One of the Conservative election posters featured in the excellent collection Dole Queues and Demons: British election posters from the Conservative Party Archive by Stuart Ball contains David Lloyd George and chocolate:
Dating from 1909 it was intended as an attack on the then Chancellor of the Exchequer’s support for free trade, which he and the Liberals frequently couched in terms of bringing about free (ie free of tariffs) food. Yet Lloyd George’s own People’s Budget proposed not only keeping many duties on food and drink, it even proposed some increases.
Such allegations of hypocrisy can be very effective – if they are believable. That was the problem with this attack. Partly that’s a matter of detail. You can be of course be against tariffs for a variety of reasons, including their impact on food prices, without therefore thinking that every other possible policy with its own bundle of different impacts, including on food prices, is also bad.But anyway, such detail rarely trumps simpler, more instinctive public reactions to political attacks. In this case, the attack simply wasn’t on the main issue of the day. The big debate was the impact on food prices and jobs of tariffs, with the Tories clearly in favour of tariffs and the Liberals clearly against. Duties on chocolates were peripheral to that big question, making the attack an incidental one rather than one central to the political questions that mattered at the time.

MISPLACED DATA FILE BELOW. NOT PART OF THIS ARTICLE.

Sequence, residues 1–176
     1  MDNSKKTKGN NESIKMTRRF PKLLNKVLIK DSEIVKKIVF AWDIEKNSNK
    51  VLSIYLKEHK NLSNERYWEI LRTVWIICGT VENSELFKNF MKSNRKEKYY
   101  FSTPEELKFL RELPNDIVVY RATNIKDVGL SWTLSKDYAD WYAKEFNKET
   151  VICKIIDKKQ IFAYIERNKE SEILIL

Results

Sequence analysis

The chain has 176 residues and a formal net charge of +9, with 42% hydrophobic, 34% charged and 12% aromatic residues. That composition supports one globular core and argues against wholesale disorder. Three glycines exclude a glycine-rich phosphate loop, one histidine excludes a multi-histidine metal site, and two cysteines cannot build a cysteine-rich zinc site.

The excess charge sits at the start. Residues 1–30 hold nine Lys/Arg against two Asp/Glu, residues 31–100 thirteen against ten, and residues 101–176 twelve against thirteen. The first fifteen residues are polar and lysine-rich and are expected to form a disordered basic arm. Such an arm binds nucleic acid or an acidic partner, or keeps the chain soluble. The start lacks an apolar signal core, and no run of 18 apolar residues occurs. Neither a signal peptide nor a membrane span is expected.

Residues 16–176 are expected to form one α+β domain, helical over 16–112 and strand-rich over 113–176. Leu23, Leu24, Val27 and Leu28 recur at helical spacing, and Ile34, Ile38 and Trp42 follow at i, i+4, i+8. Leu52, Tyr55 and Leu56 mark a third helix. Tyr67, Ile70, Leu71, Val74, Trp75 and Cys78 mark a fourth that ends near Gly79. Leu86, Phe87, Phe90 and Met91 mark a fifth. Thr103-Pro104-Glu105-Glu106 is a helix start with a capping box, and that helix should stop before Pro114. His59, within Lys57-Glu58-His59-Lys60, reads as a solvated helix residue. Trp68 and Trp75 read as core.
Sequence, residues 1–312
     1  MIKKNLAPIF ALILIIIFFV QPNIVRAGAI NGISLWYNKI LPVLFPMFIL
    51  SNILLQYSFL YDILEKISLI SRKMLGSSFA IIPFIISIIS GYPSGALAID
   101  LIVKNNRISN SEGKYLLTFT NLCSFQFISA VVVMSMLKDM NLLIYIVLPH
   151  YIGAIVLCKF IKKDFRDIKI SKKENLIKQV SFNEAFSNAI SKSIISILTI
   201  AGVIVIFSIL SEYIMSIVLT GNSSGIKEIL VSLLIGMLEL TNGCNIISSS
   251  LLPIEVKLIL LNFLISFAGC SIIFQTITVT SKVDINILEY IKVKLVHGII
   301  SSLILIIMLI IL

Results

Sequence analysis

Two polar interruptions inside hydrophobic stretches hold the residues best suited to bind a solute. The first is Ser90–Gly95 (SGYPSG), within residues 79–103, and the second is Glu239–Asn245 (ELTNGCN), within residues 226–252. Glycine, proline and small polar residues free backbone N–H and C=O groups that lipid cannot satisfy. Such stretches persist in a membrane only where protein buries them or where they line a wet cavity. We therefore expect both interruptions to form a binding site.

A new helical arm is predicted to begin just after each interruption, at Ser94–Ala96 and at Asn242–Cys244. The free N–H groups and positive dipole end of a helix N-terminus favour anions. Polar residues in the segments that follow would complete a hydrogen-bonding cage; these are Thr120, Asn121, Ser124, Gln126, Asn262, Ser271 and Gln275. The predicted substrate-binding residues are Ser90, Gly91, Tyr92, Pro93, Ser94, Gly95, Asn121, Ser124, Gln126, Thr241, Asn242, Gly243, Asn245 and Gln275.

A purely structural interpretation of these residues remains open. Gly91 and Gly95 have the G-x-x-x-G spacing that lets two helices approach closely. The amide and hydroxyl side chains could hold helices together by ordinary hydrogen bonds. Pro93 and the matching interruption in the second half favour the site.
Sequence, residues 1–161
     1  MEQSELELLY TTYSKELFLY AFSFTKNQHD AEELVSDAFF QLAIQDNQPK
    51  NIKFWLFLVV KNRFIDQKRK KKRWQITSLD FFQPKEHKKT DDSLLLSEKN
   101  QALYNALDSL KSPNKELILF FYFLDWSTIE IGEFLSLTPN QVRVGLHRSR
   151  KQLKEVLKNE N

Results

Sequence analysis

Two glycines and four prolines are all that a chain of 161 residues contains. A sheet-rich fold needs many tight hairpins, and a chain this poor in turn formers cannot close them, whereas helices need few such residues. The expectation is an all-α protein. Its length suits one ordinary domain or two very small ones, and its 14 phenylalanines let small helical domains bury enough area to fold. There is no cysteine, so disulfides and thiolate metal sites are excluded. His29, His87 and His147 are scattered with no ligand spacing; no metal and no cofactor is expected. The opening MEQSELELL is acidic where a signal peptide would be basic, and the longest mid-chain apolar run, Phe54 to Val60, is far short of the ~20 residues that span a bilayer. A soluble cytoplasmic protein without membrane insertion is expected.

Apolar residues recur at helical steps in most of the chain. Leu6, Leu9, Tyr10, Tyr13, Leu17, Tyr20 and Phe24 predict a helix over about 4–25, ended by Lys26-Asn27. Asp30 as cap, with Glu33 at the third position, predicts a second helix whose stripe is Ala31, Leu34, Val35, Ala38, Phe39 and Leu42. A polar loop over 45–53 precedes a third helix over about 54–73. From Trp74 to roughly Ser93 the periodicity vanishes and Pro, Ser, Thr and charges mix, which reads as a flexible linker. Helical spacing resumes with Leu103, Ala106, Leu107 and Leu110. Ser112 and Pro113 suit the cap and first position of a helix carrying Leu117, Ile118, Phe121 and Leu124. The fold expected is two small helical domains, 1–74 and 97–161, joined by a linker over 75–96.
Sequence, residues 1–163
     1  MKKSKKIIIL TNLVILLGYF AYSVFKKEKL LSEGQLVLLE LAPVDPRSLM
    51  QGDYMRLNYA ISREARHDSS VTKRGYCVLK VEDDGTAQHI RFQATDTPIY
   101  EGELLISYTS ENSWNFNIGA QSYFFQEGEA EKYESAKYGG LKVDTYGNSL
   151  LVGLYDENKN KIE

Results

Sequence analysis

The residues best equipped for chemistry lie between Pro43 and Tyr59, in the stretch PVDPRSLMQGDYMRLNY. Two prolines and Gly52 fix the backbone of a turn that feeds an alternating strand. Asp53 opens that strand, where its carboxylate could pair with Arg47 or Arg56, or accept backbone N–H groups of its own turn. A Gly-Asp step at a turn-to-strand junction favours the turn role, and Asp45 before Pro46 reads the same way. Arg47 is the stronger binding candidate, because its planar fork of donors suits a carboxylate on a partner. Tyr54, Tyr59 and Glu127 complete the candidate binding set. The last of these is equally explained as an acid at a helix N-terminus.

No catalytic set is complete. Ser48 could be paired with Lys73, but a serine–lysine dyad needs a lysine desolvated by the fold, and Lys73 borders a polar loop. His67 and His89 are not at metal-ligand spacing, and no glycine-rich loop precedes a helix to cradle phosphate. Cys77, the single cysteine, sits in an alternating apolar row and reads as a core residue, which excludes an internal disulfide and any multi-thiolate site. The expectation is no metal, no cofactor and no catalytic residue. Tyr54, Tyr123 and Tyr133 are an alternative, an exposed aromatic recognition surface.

That is why not only being on message but also having a message that is relevant to the big issues in the minds of voters is so important – and a regular theme in Part 1 of 101 Ways To Win An Election.